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Introduction to QuantLib Development - Intensive 3-day Training Course - September 10-12th, 2018 - Download Registration Form Here


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Complexity Digest wrote a new blog post titled Cognitive mechanisms for human flocking dynamics
Low-level “adaptive” and higher-level “sophisticated” human reasoning processes have been proposed to play opposing roles in the emergence of unpredictable collective behaviors such as crowd panics, traffic jams, and market bubbles. While adaptive processes are widely recognized drivers of emergent social complexity, complementary theories of sophistication predict that incentives, education, and other inducements to rationality will suppress it. We show in a series of multiplayer laboratory experiments that, rather than suppressing complex social dynamics, sophisticated reasoning processes...
21 hours ago
Complexity Digest wrote a new blog post titled Zipf’s and Taylor’s laws
Zipf’s law states that the frequency of an observation with a given value is inversely proportional to the square of that value; Taylor’s law, instead, describes the scaling between fluctuations in the size of a population and its mean. Empirical evidence of the validity of these laws has been found in many and diverse domains. Despite the numerous models proposed to explain the presence of Zipf’s law, there is no consensus on how it originates from a microscopic process of individual dynamics without fine-tuning. Here we show that Zipf’s law and Taylor’s law can...
3 days ago
Complexity Digest wrote a new blog post titled Two postdoctoral positions in computational social science at the Network Science Institute
Two postdoctoral positions in computational social science are available at the Network Science Institute, to work with David Lazer and Christoph Riedl. Candidates will be expected to work on a combination of their own research and collaborative projects within the institute. Source: christophriedl.net
3 days ago
Complexity Digest wrote a new blog post titled Measuring accessibility using gravity and radiation models
Since the presentation of the radiation model, much work has been done to compare its findings with those obtained from gravitational models. These comparisons always aim at measuring the accuracy with which the models reproduce the mobility described by origin–destination matrices. This has been done at different spatial scales using different datasets, and several versions of the models have been proposed to adjust to various spatial systems. However, the models, to our knowledge, have never been compared with respect to policy testing scenarios. For this reason, here we use the models to...
5 days ago
Complexity Digest wrote a new blog post titled Criticality distinguishes the ensemble of biological regulatory networks
The hypothesis many living systems should exhibit near-critical behavior is well-motivated theoretically, and an increasing number of cases have been demonstrated empirically. However, a systematic analysis across biological networks, which would enable identification of the network properties that drive criticality, has not yet been realized. Here, we provide a first comprehensive survey of criticality across a diverse sample of biological networks, leveraging a publicly available database of 67 Boolean models of regulatory circuits. We find all 67 networks to be near-critical. By comparing...
6 days ago
Complexity Digest wrote a new blog post titled Physical foundations of biological complexity
Living organisms are characterized by a degree of hierarchical complexity that appears to be inaccessible to even the most complex inanimate objects. Routes and patterns of the evolution of complexity are poorly understood. We propose a general conceptual framework for emergence of complexity through competing interactions and frustrated states similar to those that yield patterns in striped glasses and cause self-organized criticality. We show that biological evolution is replete with competing interactions and frustration that, in particular, drive major transitions in evolution. The key...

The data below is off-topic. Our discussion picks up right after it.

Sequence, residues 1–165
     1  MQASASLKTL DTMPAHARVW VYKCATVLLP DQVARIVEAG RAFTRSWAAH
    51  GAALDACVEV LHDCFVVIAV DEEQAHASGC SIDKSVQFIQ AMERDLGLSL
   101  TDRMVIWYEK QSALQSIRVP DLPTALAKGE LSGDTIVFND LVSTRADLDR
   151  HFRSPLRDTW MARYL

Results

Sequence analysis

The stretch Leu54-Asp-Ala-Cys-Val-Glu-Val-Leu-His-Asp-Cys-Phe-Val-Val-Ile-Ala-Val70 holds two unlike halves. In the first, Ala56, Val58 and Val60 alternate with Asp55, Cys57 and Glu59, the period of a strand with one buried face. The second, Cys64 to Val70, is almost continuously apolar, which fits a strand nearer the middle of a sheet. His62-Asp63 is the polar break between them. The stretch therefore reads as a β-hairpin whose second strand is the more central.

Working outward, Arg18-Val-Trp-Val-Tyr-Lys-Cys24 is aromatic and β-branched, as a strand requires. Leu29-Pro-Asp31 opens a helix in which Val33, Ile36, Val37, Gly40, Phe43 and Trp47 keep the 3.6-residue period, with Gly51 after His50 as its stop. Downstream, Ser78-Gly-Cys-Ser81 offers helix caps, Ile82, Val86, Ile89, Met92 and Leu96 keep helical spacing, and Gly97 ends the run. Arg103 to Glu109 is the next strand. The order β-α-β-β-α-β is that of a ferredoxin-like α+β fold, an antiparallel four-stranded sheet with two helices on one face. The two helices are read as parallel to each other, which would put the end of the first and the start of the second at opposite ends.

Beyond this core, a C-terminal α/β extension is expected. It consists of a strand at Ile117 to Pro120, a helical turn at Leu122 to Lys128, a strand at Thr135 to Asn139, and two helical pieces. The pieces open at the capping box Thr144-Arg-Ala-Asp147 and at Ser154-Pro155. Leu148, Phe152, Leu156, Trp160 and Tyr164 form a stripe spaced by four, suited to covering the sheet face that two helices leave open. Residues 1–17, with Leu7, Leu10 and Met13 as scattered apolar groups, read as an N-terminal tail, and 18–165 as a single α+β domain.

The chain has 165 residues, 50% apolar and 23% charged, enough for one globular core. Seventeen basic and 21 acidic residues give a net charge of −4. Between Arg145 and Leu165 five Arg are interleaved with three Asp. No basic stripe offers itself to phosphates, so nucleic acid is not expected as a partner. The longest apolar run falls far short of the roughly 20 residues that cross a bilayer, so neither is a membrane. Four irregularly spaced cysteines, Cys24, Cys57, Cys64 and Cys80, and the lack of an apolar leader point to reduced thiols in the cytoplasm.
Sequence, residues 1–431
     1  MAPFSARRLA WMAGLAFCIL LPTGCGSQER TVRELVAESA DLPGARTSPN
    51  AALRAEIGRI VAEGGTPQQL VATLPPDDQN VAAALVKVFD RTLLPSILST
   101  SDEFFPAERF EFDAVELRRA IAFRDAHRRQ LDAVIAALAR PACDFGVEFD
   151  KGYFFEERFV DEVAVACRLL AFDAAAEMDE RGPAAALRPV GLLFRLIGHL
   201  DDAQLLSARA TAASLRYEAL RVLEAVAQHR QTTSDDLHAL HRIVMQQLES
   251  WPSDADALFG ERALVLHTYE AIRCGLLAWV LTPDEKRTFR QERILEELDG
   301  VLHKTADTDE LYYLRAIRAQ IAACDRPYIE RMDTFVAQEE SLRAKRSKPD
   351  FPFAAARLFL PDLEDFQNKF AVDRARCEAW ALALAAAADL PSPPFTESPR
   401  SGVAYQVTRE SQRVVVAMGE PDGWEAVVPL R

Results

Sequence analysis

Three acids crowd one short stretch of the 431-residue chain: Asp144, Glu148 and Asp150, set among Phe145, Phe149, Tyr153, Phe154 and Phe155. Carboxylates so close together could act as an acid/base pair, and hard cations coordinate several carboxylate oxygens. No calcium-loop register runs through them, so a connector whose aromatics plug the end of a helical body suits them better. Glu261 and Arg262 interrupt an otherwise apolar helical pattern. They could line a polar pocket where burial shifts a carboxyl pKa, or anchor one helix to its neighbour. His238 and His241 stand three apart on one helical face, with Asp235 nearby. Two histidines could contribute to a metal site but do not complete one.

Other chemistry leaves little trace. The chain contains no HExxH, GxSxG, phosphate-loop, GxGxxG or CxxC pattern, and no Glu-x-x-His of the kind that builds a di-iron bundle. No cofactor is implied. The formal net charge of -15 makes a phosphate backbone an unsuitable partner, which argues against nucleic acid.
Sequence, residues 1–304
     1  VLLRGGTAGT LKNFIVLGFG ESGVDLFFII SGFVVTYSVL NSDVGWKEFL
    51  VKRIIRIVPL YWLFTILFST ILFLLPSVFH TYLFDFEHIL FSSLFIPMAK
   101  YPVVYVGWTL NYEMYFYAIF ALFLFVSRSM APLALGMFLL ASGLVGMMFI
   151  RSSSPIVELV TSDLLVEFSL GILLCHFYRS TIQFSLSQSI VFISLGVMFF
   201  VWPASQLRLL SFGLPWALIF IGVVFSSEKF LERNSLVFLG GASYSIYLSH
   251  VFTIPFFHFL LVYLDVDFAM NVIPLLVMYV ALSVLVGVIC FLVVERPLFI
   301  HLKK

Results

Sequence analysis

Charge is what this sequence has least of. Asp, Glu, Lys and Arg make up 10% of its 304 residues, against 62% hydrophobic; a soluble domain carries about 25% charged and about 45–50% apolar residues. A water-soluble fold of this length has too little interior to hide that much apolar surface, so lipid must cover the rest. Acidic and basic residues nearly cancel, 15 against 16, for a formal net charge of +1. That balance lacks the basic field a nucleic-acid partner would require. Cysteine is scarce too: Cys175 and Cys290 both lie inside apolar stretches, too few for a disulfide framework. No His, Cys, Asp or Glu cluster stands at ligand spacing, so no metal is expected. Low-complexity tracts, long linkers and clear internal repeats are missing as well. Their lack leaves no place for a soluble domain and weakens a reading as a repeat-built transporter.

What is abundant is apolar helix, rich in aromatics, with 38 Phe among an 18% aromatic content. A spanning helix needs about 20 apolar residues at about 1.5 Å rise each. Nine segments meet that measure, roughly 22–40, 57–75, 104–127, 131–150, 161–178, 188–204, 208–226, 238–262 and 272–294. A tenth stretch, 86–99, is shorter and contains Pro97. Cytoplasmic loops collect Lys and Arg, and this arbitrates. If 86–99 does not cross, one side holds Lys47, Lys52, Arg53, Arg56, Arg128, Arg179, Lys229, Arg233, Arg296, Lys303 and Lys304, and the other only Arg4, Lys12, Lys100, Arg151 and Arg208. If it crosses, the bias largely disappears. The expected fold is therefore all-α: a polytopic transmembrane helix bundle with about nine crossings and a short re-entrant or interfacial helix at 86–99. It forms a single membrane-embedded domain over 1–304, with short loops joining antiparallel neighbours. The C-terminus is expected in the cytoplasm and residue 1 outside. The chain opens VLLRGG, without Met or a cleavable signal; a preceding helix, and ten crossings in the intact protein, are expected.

6 days ago
Complexity Digest wrote a new blog post titled Gaia 2.0
According to Lovelock and Margulis’s Gaia hypothesis, living things are part of a planetary-scale self-regulating system that has maintained habitable conditions for the past 3.5 billion years (1, 2). Gaia has operated without foresight or planning on the part of organisms, but the evolution of humans and their technology are changing that. Earth has now entered a new epoch called the Anthropocene (3), and humans are beginning to become aware of the global consequences of their actions. As a result, deliberate self-regulation—from personal action to global geoengineering schemes—is...
8 days ago
Complexity Digest wrote a new blog post titled Closed Loophole Confirms the Unreality of the Quantum World
After researchers found a loophole in a famous experiment designed to prove that quantum objects don’t have intrinsic properties, three experimental groups quickly sewed the loophole shut. The episode closes the door on many “hidden variable” theories. Source: www.quantamagazine.org
9 days ago
Complexity Digest wrote a new blog post titled What has and hasn’t changed since the global financial crisis?
The world economy has returned to robust growth after the 2008 global financial crisis. But some familiar risks are creeping back, and new ones have emerged. Source: www.mckinsey.com
10 days ago
Complexity Digest wrote a new blog post titled Physics of humans, physics for society
Today, the massive use of information and communication technologies (ICT) has made it possible to attach a traceable set of data to almost any person. We argue that these data provide the opportunity to build a ‘physics of society’: describing a society — composed of many interacting heterogeneous entities (people, businesses, institutions) — as a physical system. While important ethical implications have to be taken into account, the benefits in developing such physics of society would be tremendous. Indeed, it could help understanding, anticipating and forecasting future societal trends...
10 days ago
Complexity Digest wrote a new blog post titled Comparing two classes of biological distribution systems using network analysis
Distribution networks such as vasculature systems or urban transportation pathways are prevalent in our world. Understanding how different kinds of transport systems are organized to allow for efficient function in their environments and in the presence of constraints on material costs is currently an open area of investigation. In this study, we use methods from network science to compare and contrast the structure of two different classes of biological distribution networks: mycelial fungi and rodent brain vasculature. While each of these systems have been studied separately, less work has...